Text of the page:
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Dad's Alcohol Intake, Lifestyle Can Affect Unborn Babies

Update Date: May 19, 2016 06:04 AM EDT

During pregnancy, mothers are at a delicate stage and normally this would mean certain changes and limitations as far as their lifestyle is concerned. That would include proper dieting and nutritional intake among others but would-be fathers are not totally spared from such.

Expectant fathers also have a part in the process and it starts with the lifestyle that they follow. Researchers at the Georgetown University Medical Center pointed out that some epigenetic changes which affect newborns could result based on their age, alcohol intake as well as the environment they are in.

In focus with the findings was the case of birth defects. The study determined that both the mother and the father contributed to the eventual outcome of children, including the hormonal, nutritional and psychological environment.

Senior investigator Dr. Joanna Kitlinska leads the team in keeping track of the hormonal, nutritional and psychological factors of mothers but singled out as well the participation of the father. Age and lifestyle were singled out as key things that manifested in the molecules controlling the gene function, something that affects children and potentially their offsprings.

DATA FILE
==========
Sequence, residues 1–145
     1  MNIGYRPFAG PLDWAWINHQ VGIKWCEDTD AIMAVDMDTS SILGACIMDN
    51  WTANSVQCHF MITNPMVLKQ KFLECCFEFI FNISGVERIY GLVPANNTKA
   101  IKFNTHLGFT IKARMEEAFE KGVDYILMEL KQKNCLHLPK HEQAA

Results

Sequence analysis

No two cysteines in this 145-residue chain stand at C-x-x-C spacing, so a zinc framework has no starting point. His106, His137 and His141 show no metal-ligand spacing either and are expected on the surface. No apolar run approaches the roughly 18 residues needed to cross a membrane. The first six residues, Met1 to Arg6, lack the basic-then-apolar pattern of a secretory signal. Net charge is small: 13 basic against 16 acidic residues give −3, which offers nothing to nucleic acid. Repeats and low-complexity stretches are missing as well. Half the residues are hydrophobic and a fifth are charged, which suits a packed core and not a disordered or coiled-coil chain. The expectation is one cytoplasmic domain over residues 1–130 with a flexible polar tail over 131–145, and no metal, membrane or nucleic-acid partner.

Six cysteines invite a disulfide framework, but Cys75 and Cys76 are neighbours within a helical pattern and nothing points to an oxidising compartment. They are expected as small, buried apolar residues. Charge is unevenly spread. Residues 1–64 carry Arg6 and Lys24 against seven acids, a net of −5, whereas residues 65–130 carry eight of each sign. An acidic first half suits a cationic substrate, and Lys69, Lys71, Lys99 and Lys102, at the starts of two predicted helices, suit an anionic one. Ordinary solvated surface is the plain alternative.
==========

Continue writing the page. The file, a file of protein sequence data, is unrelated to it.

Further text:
"We know the nutritional, hormonal and psychological environment provided by the mother permanently alters organ structure, cellular response and gene expression in her offspring," says Dr. Kitlinska. “Our study shows the same thing to be true with fathers—his lifestyle, and how old he is, can be reflected in molecules that control gene function."

Among the birth defects include that of fetal alcohol spectrum disorder (FASD), which can occur in children even if a mother avoids the intake of alcohol. Laboratory Equipment reports that pre-conceptual paternal alcohol use can negatively affect the offspring, which should sound some sort of alarm for expectant fathers.

A study covering the heritable epigenetic programming and the fathers returned that a limited diet on the end of fathers during his pre-adolescent years is tied up with lesser risk to potential cardiovascular death of offsprings that could go as far as their grandchildren. Aside from that, fathers were also associated as far as being linked to increased levels of autism, birth defects and schizophrenia towards children.

Birth defects are something most expectant parents want to avoid. Among the things that can happen include significant reduction in the brain size, impaired cognitive function and reduced birth weight, things that have been associated with paternal alcohol intake.

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